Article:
Quotes, Life, Thread

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Quotes, Life, Thread

Postby Garrett Gilchrist » Mon Feb 16, 2015 11:48 am

"If you're creating anything at all, it's really dangerous to care about what people think."
- Kristen Wiig
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Re: Quotes, Life, Thread

Postby Garrett Gilchrist » Mon Feb 16, 2015 12:34 pm

“Modern Americans behave as if intelligence were some sort of hideous deformity.”
— Frank Zappa
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Re: Quotes, Life, Thread

Postby Garrett Gilchrist » Mon Mar 02, 2015 12:00 am

"I have never made but one prayer to God, a very short one: 'O Lord make my enemies ridiculous.' And God granted it."
--Voltaire
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Re: Quotes, Life, Thread

Postby Garrett Gilchrist » Wed Mar 11, 2015 3:16 am

If someone tells you the way to succeed is to be a sociopathic narcissist, RUN. They're not talking about you: they're revealing themselves.

- Shaula Evans
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Re: Quotes, Life, Thread

Postby Garrett Gilchrist » Wed Apr 22, 2015 11:03 am

“Let me tell you this: if you meet a loner, no matter what they tell you, it’s not because they enjoy solitude. It’s because they have tried to blend into the world before, and people continue to disappoint them.”
— Jodi Picoult, My Sister’s Keeper
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Re: Quotes, Life, Thread

Postby Garrett Gilchrist » Wed Jun 24, 2015 10:05 pm

"To learn who rules over you, simply find out who you are not allowed to criticize." - Voltaire
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Re: Quotes, Life, Thread

Postby Garrett Gilchrist » Thu Jun 25, 2015 4:15 pm

Why Are Beggars Despised?

by George Orwell

It is worth saying something about the social position of beggars, for when one has consorted with them, and found that they are ordinary human beings, one cannot help being struck by the curious attitude that society takes towards them. People seem to feel that there is some essential difference between beggars and ordinary "working" men. They are a race apart--outcasts, like criminals and prostitutes. Working men "work," beggars do not "work"; they are parasites, worthless in their very nature. It is taken for granted that a beggar does not "earn" his living, as a bricklayer or a literary critic "earns" his. He is a mere social excrescence, tolerated because we live in a humane age, but essentially despicable.

Yet if one looks closely one sees that there is no essential difference between a beggar's livelihood and that of numberless respectable people. Beggars do not work, it is said; but, then, what is work? A navvy works by swinging a pick. An accountant works by adding up figures.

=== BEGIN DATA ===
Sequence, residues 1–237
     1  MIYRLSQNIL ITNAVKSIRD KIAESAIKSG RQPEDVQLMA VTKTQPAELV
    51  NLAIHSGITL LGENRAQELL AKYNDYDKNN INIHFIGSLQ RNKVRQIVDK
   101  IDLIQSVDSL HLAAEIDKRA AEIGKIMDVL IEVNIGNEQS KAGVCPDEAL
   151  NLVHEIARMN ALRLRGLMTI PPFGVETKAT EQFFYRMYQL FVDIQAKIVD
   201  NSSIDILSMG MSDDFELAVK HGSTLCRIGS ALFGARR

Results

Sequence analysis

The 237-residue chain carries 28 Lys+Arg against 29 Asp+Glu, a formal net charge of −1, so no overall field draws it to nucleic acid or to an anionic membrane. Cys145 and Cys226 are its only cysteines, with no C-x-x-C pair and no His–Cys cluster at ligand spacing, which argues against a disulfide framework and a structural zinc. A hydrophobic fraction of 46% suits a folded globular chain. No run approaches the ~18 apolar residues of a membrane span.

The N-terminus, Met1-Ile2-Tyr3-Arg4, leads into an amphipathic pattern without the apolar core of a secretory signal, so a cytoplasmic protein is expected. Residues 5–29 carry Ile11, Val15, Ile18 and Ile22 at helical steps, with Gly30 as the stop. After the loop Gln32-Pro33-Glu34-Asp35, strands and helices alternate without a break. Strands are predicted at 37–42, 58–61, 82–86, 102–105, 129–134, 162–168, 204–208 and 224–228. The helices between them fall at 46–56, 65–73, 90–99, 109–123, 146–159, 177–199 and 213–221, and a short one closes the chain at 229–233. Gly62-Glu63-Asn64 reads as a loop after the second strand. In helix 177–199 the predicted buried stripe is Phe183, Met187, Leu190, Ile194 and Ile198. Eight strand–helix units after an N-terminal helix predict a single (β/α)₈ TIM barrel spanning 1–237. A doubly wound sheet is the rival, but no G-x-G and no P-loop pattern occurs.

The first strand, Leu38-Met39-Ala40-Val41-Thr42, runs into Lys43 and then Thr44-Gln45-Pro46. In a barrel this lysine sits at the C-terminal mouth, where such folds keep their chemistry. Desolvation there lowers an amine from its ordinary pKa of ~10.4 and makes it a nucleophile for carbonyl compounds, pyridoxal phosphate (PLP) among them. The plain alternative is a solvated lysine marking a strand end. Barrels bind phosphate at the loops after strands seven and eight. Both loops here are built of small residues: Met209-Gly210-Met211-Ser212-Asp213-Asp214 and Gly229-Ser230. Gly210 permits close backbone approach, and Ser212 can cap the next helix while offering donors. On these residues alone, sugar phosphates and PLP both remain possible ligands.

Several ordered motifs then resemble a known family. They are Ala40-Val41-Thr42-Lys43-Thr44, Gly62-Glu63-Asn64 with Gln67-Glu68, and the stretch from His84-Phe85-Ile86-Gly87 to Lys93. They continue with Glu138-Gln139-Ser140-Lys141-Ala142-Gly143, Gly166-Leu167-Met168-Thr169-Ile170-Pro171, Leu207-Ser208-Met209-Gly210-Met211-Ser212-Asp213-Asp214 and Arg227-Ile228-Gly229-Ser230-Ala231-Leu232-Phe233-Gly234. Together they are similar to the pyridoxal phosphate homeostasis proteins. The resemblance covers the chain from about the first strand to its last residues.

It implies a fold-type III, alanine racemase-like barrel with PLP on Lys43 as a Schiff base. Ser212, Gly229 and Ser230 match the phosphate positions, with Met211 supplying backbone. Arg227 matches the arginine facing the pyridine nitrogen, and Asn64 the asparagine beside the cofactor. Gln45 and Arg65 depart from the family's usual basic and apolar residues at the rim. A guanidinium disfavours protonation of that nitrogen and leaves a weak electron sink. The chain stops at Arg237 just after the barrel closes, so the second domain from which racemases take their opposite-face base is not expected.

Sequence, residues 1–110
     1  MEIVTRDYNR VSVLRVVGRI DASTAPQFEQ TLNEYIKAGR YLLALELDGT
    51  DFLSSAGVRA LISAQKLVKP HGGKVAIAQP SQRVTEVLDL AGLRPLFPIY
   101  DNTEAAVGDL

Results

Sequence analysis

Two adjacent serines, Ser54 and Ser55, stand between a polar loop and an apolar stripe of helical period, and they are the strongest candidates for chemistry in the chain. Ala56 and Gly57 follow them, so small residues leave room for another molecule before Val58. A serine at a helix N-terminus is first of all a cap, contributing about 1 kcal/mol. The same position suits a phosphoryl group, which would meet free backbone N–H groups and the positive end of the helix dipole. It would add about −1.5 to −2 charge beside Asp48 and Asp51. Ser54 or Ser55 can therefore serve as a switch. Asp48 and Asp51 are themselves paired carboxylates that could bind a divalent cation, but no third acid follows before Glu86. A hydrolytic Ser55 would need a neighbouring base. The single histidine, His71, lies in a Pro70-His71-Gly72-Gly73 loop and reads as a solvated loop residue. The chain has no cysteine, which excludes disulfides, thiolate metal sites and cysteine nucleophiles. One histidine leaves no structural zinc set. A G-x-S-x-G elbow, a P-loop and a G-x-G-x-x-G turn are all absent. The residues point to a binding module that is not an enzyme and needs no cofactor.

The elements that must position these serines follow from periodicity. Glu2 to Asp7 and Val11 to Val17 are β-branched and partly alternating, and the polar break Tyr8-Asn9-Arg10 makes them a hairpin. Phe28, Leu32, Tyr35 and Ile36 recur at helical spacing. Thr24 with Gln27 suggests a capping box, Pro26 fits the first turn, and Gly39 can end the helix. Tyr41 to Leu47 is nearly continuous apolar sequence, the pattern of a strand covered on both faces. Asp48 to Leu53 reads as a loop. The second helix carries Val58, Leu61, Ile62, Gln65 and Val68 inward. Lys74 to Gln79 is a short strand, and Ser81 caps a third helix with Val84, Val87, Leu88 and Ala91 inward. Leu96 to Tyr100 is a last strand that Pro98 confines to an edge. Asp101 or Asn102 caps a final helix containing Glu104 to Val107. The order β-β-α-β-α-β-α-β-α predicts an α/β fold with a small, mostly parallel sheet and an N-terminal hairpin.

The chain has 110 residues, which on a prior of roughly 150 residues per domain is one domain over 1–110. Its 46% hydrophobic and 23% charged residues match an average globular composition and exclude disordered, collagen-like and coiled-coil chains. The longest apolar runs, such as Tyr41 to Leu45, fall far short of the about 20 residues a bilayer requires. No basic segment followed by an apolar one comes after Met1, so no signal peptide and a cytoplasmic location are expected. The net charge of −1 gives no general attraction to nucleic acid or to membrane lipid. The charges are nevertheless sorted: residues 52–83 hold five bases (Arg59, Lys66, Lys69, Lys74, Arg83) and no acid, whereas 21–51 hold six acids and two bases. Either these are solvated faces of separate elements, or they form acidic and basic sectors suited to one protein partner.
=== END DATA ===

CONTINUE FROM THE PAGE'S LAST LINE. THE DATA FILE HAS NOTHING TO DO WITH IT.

A beggar works by standing out of doors in all weathers and getting varicose veins, chronic bronchitis, etc. It is a trade like any other; quite useless, of course--but, then, many reputable trades are quite useless. And as a social type a beggar compares well with scores of others. He is honest compared with the sellers of most patent medicines, high-minded compared with a Sunday newspaper proprietor, amiable compared with a hire-purchase tout--in short, a parasite, but a fairly harmless parasite. He seldom extracts more than a bare living from the community, and, what should justify him according to our ethical ideas, he pays for it over and over in suffering. I do not think there is anything about a beggar that sets him in a different class from other people, or gives most modern men the right to despise him.

Then the question arises, Why are beggars despised?--for they are despised, universally. I believe it is for the simple reason that they fail to earn a decent living. In practice nobody cares whether work is useful or useless, productive or parasitic; the sole thing demanded is that it shall be profitable. In all the modern talk about energy, efficiency, social service and the rest of it, what meaning is there except "Get money, get it legally, and get a lot of it"? Money has become the grand test of virtue. By this test beggars fail, and for this they are despised. If one could earn even ten pounds a week at begging, it would become a respectable profession immediately. A beggar, looked at realistically, is simply a businessman, getting his living, like other businessmen, in the way that comes to hand. He has not, more than most modern people, sold his honor; he has merely made the mistake of choosing a trade at which it is impossible to grow rich.

(1933)
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Re: Quotes, Life, Thread

Postby Garrett Gilchrist » Sun Jul 12, 2015 5:24 pm

Katherine Fugate writes:
There is a completely different creative energy when you decide I'm going to do this instead of waiting for someone to give you permission.
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Re: Quotes, Life, Thread

Postby Garrett Gilchrist » Tue Aug 18, 2015 7:06 pm

"Tell the truth. The truth is so damning that it will radicalize folk. There's no need to embellish. The truth is enough." - Deray McKesson
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Re: Quotes, Life, Thread

Postby Garrett Gilchrist » Tue Aug 25, 2015 8:37 pm

"My god, the whole world worships boredom. All working towards it." - Vivian Stanshall
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